Deductibles, Out-of-Pocket Expenses, and Keeping Your Present Doctor
The Marketplace (your state health insurance exchange or the federal exchange depending on where you live) cost-sharing reduction lowers the amount you have to pay for out-of-pocket costs like deductibles, coinsurance, and copayments. Health insurance companies offering coverage through the Marketplace must lower the amount you pay out of pocket for essential health benefits if your household income is below the following amounts. (Incomes below are based on 2013 numbers.)
Up to $28,725 for individuals
Up to $38,775 for a family of 2
Up to $48,825 for a family of 3
Up to $58,875 for a family of 4
Up to $68,925 for a family of 5
Up to $78,975 for a family of 6
Up to $89,025 for a family of 7
Up to $99,075 for a family of 8
Under the law, the maximum amount a consumer with single coverage will pay out-of-pocket in 2014 will generally be $6,350 while a family could pay up to $12,700. Those totals include copayments and deductibles, but not premiums, and they apply only to plans that are not grandfathered under the law. According to guidance from the federal government issued in February, 2013 health plans with more than one benefits administrator don’t have to combine their tallies of members’ out of pocket spending into one total until 2015. So a plan with a separate cap on pharmacy benefits can keep it as long as the limits don’t exceed the new maximum. Plans with no drug spending limit—the norm, according to experts—don’t have to cap members’ out-of-pocket spending at all. Drug costs can add up fast.
Zero-deductible plans are most common at the platinum level, the highest tier of coverage. Some 41% of platinum plans charge no deductible, according to an analysis by HealthPocket of the plans offered in 34 of the 36 states that sell plans on HealthCare.gov. In contrast, only 6% of gold plans and 3% of silver plans have no deductible, and the option is available with few if any bronze-level plans. One way to look this is to base your metal level choice on what you expect your medical expenses to be in the coming year. If you anticipate having to a lot of medical treatment and prescriptions drugs, it might make more sense to pay for the more expenses plans with the lowest deductible and out-of-pocket expenses. If you are not expecting much medical expenses in the coming year, go for the lower cost plan with the higher deductible and out-of-pocket expenses.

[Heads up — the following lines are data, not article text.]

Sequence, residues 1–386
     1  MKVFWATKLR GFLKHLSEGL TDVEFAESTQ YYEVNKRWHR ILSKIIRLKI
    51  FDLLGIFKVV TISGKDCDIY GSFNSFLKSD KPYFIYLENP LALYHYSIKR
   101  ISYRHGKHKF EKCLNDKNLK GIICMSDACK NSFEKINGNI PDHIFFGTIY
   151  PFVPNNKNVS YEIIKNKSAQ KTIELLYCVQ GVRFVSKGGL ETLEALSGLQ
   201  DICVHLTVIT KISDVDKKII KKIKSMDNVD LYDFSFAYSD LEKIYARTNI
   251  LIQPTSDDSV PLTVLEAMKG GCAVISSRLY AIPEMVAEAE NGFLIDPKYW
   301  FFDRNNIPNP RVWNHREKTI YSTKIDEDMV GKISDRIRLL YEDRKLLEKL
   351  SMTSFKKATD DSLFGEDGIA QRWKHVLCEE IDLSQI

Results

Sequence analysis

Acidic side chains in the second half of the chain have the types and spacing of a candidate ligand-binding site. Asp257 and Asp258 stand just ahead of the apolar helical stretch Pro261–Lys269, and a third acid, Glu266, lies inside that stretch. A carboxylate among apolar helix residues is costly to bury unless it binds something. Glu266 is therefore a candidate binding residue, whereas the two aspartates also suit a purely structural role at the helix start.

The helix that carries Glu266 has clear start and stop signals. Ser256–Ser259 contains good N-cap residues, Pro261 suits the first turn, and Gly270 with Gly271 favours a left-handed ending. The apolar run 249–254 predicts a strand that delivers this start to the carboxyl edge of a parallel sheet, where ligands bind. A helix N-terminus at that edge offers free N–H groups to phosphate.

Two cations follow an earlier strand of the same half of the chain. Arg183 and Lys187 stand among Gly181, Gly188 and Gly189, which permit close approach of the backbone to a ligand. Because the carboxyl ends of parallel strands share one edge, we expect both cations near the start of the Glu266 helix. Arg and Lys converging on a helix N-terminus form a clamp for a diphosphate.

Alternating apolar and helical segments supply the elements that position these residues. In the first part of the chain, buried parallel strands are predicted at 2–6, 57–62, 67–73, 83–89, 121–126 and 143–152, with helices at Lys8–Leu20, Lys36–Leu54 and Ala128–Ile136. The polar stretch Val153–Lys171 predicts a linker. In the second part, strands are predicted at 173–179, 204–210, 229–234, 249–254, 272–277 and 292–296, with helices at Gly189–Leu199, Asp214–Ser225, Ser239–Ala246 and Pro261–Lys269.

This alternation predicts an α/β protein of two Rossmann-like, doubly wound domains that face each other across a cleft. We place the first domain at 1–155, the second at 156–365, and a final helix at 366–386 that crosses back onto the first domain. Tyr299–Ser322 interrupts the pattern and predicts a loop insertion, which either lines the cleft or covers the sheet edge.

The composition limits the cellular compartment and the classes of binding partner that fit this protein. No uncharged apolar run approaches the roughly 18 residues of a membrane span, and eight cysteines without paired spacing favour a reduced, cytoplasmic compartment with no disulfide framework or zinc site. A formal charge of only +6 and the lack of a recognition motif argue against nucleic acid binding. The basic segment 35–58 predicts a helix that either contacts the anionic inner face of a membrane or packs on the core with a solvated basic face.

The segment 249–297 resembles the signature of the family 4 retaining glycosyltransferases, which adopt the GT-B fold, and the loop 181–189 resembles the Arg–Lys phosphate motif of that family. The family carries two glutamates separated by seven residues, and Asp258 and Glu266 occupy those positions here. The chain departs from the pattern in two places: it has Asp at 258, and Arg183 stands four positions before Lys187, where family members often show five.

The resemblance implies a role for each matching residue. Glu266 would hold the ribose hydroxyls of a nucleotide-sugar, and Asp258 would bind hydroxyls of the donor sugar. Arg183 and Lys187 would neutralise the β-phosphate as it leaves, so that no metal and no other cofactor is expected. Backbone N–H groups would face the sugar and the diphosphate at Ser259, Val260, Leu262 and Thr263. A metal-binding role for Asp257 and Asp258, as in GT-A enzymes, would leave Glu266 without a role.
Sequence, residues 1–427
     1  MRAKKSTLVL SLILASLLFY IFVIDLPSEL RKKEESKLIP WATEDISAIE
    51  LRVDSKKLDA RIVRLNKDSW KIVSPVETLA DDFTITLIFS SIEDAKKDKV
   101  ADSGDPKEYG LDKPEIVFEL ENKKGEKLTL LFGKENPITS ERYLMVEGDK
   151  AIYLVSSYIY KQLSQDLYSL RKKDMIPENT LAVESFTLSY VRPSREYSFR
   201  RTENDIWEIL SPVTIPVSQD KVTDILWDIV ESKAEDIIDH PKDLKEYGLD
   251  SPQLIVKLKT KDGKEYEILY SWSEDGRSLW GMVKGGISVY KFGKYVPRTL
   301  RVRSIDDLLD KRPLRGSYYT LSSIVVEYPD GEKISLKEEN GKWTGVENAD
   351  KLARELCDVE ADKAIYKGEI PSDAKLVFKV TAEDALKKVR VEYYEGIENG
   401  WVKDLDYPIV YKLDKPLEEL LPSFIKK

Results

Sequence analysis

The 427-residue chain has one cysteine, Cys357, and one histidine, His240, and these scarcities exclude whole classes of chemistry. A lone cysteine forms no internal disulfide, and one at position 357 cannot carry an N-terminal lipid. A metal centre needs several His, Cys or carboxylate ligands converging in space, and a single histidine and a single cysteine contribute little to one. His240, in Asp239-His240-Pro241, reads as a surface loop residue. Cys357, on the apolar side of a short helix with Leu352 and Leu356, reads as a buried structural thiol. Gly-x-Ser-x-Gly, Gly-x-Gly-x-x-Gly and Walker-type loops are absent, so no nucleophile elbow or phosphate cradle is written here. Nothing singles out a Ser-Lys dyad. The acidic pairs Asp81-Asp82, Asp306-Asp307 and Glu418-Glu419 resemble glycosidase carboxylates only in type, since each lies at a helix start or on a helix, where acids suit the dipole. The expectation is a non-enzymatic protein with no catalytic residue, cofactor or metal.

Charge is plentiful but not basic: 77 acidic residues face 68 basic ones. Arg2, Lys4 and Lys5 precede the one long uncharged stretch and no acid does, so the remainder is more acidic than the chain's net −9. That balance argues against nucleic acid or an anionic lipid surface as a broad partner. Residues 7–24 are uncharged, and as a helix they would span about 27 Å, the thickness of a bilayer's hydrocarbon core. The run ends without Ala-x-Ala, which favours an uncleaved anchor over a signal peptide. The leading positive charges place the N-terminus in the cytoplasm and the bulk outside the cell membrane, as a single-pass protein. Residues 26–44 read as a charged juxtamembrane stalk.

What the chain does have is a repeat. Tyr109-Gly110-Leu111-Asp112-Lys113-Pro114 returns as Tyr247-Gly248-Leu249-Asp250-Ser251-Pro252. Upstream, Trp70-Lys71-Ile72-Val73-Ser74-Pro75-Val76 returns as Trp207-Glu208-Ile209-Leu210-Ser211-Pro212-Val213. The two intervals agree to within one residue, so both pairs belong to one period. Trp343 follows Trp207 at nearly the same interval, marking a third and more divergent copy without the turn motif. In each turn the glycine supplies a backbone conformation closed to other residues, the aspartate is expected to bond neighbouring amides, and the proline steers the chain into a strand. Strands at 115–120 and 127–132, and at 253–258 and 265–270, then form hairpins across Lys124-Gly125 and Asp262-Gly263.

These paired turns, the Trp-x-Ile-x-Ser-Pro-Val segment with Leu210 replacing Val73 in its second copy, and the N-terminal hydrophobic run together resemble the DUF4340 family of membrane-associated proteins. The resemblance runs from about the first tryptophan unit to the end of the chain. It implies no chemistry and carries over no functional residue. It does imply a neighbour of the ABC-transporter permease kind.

If your combined income is below 400% of the federal poverty level ($92,400 for a family of four) you can also receive tax credits and in some states premium assistance to pay for your insurance. Check this link to see what assistance you might qualify. http://kff.org/interactive/subsidy-calculator/
Keeping your present doctor
If you want to keep seeing certain doctors, you should research before deciding which plan level to choose. We always recommend calling your preferred doctor and asking if he in in the network and will accept payment from the insurance provider. Most insurance providers have a link where you can check to see if a doctor is in their network. (Note: this is for PPO’s not HMO’s which are more restrictive on who you can see).